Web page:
When thinking about setting, bring in something more than sight. We all lean too much on the physical description of things we see, but very often it’s the aroma floating in the air or the notes of music lingering that really capture our imaginations. A touch of jasmine incense could bring in the exotic, or the sour note from an out-of-tune piano clattering adds a jarring feeling to the reader’s mood. Maybe it’s the taste of something—a spice that goes from nose to tongue. Or maybe it’s the shiver of fog on the skin. Go for the very specific detail.

When you’re editing, look at the writing to remove clichés and look for fresh modifiers—and watch those weak verbs.

Notice that in the garden above, I never write: “The garden was overgrown.” That is flat telling and robs the description of the vivid touches the reader needs to be inside that garden. “Was” becomes a weak verb in such a case. Notice the fresh modifiers—a breeze that dusts away sweat, a sting of noise. You may not come up with these in the first draft, so as you edit, look for fresh ways to convey the mood you want the reader to get from that scene.

By vivid, I mean VERY specific. If you don’t have the specific in mind, go hunting in your experiences or in your imagination.

Never been to the Redwoods, but need them in the story? It’s time to get a really good travel guide, or watch a very detailed documentary. Do the same for any profession you might give a character, or for that character’s background. This is the truth in the phrase “write what you know.”

Whenever you can, pull from where you have been and use your own experiences to give you that perfect smell, that right feeling on your skin, the sounds you heard, and the taste in your mouth. A vivid imagination can help, but so can stepping outside—close your eyes and put your other senses to work. What birds do you hear? What about traffic, or the lack of it. If you’re near the ocean, that tang of salt in your mouth will be noticeable—and perhaps that sand itching under your swimsuit as it dries. Think about what details will best realize your setting as a character and a mood, and reveal something to the reader without “telling” the reader that information.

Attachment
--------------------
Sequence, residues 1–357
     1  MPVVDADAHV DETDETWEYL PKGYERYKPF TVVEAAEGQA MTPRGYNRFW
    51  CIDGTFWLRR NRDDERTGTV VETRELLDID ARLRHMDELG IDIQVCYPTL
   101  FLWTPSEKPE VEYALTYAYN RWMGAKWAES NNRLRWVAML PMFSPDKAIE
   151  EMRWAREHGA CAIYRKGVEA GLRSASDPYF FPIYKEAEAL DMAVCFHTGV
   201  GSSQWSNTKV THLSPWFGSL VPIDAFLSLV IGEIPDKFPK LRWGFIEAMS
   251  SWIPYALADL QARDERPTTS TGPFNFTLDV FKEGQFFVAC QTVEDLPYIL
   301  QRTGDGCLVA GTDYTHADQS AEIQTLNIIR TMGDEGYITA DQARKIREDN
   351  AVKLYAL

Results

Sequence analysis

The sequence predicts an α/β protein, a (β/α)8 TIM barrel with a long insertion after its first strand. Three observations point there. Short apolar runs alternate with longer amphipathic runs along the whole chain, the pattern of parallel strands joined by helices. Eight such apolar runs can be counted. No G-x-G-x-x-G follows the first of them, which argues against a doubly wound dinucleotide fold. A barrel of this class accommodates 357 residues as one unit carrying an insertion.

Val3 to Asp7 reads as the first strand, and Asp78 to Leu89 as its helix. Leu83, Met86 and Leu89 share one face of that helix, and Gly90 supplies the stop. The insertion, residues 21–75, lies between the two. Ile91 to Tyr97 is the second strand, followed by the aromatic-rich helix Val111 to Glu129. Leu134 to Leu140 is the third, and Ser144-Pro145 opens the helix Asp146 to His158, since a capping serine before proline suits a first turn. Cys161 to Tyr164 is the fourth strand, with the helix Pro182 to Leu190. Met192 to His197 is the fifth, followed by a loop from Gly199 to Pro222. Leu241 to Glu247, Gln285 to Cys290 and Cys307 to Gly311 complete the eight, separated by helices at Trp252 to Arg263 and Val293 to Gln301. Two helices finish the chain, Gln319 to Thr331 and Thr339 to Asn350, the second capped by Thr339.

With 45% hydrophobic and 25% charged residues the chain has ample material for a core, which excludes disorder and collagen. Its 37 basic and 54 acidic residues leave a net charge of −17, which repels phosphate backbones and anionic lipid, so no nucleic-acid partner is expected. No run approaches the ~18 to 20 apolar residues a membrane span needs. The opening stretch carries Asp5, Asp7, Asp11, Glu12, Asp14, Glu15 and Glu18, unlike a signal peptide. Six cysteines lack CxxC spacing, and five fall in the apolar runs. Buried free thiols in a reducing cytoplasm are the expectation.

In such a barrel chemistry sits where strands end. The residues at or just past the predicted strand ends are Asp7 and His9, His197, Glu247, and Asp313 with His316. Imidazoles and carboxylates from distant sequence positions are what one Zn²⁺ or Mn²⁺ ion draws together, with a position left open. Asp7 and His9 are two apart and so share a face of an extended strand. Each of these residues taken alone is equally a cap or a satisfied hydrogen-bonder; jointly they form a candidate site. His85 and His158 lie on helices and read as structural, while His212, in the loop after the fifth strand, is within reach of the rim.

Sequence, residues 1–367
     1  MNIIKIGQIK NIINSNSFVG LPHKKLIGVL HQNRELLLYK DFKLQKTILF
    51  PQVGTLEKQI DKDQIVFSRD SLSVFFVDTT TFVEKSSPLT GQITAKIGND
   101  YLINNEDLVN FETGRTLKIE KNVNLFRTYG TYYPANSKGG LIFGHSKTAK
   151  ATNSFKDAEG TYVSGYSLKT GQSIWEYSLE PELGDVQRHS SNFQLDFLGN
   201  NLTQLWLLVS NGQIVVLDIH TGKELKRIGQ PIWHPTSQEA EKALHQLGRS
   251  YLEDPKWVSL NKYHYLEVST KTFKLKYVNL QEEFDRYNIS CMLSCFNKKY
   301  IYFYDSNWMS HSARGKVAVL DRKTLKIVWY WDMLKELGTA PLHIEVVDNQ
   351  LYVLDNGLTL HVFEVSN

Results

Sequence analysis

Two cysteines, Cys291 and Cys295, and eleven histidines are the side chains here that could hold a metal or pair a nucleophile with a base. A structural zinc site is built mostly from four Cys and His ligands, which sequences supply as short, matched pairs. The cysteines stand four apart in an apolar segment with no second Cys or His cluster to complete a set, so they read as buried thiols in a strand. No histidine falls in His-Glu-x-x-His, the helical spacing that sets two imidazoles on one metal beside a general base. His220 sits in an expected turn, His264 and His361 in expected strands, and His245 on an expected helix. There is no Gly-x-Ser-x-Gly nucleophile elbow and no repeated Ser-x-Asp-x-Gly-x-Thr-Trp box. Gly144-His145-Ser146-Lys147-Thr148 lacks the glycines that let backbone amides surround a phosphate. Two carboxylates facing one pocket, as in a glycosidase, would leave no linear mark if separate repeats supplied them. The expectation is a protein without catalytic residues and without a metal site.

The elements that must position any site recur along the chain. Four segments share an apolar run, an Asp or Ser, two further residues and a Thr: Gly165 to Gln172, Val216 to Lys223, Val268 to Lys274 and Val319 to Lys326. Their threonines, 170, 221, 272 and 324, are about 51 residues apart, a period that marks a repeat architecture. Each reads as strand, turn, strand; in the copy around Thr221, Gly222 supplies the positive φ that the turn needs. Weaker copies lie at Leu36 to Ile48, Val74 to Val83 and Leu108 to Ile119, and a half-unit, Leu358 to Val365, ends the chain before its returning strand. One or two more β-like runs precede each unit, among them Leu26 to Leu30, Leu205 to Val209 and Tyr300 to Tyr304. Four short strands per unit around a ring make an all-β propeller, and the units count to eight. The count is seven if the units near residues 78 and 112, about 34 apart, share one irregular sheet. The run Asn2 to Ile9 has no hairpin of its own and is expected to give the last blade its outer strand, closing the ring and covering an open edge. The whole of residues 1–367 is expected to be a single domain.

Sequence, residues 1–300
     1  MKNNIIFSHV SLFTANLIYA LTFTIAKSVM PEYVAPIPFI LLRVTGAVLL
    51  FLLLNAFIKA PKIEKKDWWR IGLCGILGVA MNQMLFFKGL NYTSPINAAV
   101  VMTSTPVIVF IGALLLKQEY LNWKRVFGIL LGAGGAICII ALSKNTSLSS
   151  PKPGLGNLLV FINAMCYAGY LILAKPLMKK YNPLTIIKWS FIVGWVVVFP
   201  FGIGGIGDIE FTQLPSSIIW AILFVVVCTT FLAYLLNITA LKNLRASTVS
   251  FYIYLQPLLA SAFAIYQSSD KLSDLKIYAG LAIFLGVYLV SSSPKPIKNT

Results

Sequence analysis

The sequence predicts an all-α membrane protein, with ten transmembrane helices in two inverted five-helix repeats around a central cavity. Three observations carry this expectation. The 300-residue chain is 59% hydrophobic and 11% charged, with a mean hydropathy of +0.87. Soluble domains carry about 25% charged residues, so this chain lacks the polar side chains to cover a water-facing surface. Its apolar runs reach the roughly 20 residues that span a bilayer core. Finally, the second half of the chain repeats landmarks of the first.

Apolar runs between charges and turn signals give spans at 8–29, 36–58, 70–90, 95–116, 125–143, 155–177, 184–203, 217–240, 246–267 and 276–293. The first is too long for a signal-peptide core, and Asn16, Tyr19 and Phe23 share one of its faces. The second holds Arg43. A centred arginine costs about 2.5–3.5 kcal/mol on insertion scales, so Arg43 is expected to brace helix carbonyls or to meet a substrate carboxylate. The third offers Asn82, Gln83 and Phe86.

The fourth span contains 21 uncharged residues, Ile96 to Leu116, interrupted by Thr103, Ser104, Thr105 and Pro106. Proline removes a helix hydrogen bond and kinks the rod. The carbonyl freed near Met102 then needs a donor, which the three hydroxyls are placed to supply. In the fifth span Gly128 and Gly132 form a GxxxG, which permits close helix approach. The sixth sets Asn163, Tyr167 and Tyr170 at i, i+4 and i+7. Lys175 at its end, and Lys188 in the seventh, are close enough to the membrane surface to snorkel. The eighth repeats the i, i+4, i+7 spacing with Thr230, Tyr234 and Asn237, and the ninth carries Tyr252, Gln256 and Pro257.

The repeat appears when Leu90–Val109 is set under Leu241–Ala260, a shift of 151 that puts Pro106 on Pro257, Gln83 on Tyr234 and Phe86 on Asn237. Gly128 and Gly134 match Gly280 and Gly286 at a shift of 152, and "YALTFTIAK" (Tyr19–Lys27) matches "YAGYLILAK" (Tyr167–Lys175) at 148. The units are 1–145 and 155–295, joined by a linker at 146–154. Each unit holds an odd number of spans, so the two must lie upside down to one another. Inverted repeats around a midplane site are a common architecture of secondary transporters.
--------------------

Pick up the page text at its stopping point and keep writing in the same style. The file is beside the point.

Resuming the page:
Maybe your protagonist is an artists and the world is vivid colors—teal, azure, verdant green. Or what if your antagonist has perfect pitch and the least dissonate voice is a screech to her? Be picky about word choices, particularly when editing. In a second or third draft, that is a great time to read your work aloud and write in the margin the emotion you want, and then decide if the words pile into the correct cadence and mood.

Look for overused words. Do you repeat the same phrase too often? Is there a “pet” word you fell in love with that starts to hammer on the reader?

Remember that each new scene needs to be “set” for the reader—the reader won’t be happy if left floating in a void. It doesn’t take much—look at the paragraphs above for the garden. Four or five sentence can do the job. If you have a character in that description and that character’s viewpoint to layer in tension, the reader is going to be caught up in the moment.

Above all, take the time—don’t feel that you have to worry about “oh, it’s a slow pace with too much description.” That description allows the reader to settle into the story and the scene. If your setting is a character, that character can bring forward so many more layers to your story that it can move from just okay to a book a reader can’t put down.